In other words: being at peace doesn’t work if no one else is.
The tricky thing though, is that the work is never done.
The tragedy of life, but also from which one can derive meaning, is that the pain never stops. In fact, striving to be free of pain often produces more pain. And, while acknowledging this, the Bodhisattva way is to keep on keeping on. All the turmeric, green juices, and coconut oil won’t keep a life-threatening disease away forever. All the yoga classes, cleanses, and retreats can be mighty helpful, but the dull malaise will return.
A Bodhisattva understands that none of us will never be fully healed. But the work is still worth it.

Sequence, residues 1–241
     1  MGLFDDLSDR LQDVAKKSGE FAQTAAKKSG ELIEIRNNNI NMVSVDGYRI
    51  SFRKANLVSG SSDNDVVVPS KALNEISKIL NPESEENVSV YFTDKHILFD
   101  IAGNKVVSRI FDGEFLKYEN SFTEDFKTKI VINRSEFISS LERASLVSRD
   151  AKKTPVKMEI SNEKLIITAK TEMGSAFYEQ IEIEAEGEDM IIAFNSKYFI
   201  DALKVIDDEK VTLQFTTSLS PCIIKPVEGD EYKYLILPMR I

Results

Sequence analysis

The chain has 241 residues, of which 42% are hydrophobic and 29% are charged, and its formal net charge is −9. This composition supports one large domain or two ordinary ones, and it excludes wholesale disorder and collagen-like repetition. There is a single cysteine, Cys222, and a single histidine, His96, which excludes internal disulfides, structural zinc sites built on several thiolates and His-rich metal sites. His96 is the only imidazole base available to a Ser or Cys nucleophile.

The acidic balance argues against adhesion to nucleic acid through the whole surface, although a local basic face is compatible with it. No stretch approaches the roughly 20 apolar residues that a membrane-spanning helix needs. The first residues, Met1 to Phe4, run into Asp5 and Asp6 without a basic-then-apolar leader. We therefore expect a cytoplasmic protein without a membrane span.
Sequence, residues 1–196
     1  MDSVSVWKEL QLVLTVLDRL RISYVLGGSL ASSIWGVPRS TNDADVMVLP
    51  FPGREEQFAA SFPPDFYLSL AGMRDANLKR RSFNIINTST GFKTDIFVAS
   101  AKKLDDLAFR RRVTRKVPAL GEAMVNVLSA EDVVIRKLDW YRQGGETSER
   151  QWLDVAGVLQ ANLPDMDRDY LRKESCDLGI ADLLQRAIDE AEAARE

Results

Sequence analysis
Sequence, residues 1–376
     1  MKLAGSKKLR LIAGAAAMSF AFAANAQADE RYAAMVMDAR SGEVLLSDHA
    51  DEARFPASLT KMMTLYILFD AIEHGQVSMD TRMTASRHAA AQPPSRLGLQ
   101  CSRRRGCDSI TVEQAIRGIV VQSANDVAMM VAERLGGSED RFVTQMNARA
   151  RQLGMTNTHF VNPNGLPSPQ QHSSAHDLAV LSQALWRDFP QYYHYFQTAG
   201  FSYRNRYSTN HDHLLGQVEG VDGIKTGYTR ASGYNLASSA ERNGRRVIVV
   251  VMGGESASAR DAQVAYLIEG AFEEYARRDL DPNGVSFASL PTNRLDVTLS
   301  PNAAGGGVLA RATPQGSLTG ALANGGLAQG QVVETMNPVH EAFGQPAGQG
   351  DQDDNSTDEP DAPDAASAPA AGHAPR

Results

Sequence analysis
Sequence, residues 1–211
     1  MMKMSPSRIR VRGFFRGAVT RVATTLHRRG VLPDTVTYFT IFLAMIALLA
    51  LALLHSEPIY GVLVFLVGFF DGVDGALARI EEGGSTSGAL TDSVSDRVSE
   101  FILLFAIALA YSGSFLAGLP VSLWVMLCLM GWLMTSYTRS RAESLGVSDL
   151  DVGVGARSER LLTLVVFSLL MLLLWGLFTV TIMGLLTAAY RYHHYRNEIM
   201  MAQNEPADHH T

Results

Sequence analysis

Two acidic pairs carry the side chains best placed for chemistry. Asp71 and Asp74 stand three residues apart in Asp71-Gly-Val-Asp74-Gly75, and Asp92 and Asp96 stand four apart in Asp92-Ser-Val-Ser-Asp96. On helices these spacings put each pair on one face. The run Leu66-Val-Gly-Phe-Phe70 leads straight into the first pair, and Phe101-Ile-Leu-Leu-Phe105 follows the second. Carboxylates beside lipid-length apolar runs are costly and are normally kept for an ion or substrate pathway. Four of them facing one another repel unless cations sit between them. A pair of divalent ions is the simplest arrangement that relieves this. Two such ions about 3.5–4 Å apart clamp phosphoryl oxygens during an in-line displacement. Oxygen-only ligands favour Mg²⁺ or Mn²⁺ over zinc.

Which brings me back to the Zen circles: I plan to continue making amateur swipes of sauce across the plate. I don’t expect practice to make perfect; I just expect more practice. And I hope for the resilience to keep at it, wholeheartedly.
Here are the Bodhisattva vows, translated by Michael Stone:
Beings are numberless, I vow to serve them.
Delusions are inexhaustible, I vow to transform them.
Reality is boundless, I vow to perceive it.
The awakened way is unsurpassable, I vow to embody it.
Tahini sauce to swipe around
Thus far, a tahini-based sauce has been my favourite medium for swiping (using the back of a large spoon), but I plan to venture into other viscous forays as time marches on. It is incredibly versatile, and goes well with roasted vegetables, rice, etc. This recipe makes about 2 cups.